There’s a pessimism here that I can’t believe in anymore. I know it well, as a clean-scrubbed child of the 80s it lurked all around me. Paranoia was in the air back then: From what my little eyes could gather from a television rabbit-eared to Cleveland’s stations, it was all going to hell.
Our cities were crumbling, our small towns left derelict, and the cracks were showing in the stuccoed suburban retreats we all flew to by the 70s. Teens were offing themselves to the back-masked squeals of Judas Priest, satanic cults were taking over the preschools, and you could catch aids from a mosquito. Burning rivers, iron curtains and rusty belts. Nothing was as good as it was, and it was all about to get a lot worse.
For certain generations — for those who grew up nipping at the cup of post-war optimism, or chugging at the trough of boomer expectations, who watched things falls apart once they spawned kids of their own — I get it. Those were some bum years. Grimy, polluted, still clad in the sad polyester that refused to wear out. That’s the setting for No Country, 1980, the hostage and gas crisis era. Malaise.
McCarthy doesn’t have high hopes for what’s to come. No Country For Old Men could be a prequel to The Road. The old fella seems sure that the apocalypse is nigh, and all we can do is hunker down and wait for the sound of horsehoofs in the sky. No country for old men is right. The damn kids have taken over and they’re screwing it up. Blessed are the barren. Amen.
Cormac speaks to the fear right on page one:
He was nineteen. And he told me that he had been planning on killing somebody for about as long as he could remember. Said that if they turned him out he’d do it again. Said he knew he was going to hell. Told it to me out of his own mouth. I don’t know what to make of that. I surely don’t. I thought I’d never seen a person like that and it got me to wondering if maybe he was some new kind. I watched them strap him into the seat and shut the door. He might of looked a bit nervous about it but that was about all. I really believe that he knew he was going to be in hell in fifteen minutes. I believe that. And I’ve thought about that a lot. He was not hard to talk to. Called me Sheriff. But I didn’t know what to say to him. What do you say to a man that by his own admission has no soul?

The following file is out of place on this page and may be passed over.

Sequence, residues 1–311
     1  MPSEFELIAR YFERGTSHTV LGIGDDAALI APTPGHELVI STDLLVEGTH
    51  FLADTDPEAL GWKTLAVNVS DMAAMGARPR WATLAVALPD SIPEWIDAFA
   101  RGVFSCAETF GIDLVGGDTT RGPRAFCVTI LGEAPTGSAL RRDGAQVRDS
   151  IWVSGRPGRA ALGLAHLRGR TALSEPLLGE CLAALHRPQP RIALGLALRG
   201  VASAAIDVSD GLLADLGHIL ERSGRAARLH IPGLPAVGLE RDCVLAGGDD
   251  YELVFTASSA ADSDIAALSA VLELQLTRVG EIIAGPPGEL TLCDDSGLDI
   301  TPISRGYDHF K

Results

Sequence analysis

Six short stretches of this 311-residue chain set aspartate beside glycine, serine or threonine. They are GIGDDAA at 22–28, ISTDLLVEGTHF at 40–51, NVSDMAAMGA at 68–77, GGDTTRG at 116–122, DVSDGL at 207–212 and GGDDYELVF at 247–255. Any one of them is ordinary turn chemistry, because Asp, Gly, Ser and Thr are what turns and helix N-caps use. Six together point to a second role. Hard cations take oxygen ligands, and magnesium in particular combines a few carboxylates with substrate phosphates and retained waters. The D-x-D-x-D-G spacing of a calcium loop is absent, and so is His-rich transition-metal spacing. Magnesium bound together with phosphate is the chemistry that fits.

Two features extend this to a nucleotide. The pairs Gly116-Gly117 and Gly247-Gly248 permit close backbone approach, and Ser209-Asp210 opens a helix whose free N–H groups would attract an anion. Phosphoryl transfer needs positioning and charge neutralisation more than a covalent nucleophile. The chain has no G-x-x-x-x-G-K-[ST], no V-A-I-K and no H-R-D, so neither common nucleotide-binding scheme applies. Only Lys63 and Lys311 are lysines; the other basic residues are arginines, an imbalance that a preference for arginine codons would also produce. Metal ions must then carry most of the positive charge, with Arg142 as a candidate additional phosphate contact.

Wicked stuff, but I don’t think it holds. Things are looking better these days. Crime is down, longevity is up. Yes, we keep fighting wars, but the death count is dropping like bombs. There are random acts of violence to grab the headlines, but people that I meet are working towards something better, and seeing the good fruits of their labors. To borrow a phrase, the better angels of our nature have come out on top.
I hope McCarthy has a change of heart before he puts down the pen. There’s still time to see things differently, and he’s a fantastic writer. I love his smoosh-words, things like “sockfeet,” “shavingkit,” and “swivelchair,” and the way the dialogue floats between internal ruminations and slow-spoken conversations.
I’m also glad that the Coen Brothers put this to film. The book is almost custom-screenplayed for them: The soulless Anton Chigurh a dead-ringer for the dusty apocalyptic biker of Raising Arizona, the wizened westerner Sheriff Ed Tom Bell voicing over God’s truth like the stranger from The Big Lebowski. The book sounds like the Coen Brothers, when the Coen Brothers decide to take themselves seriously.
I’ll read some more of him eventually, but I’m in no hurry. There are many good days before me, many great opportunities with which to fill them. And of the reading of many books, there shall be no end.